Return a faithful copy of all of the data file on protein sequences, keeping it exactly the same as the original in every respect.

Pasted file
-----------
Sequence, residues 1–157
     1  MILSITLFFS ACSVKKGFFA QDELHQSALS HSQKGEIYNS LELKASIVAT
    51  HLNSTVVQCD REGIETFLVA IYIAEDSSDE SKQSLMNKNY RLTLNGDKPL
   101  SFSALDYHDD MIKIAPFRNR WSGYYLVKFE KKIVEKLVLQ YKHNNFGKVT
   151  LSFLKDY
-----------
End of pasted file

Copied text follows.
Sequence, residues 1–157
     1  MILSITLFFS ACSVKKGFFA QDELHQSALS HSQKGEIYNS LELKASIVAT
    51  HLNSTVVQCD REGIETFLVA IYIAEDSSDE SKQSLMNKNY RLTLNGDKPL
   101  SFSALDYHDD MIKIAPFRNR WSGYYLVKFE KKIVEKLVLQ YKHNNFGKVT
   151  LSFLKDY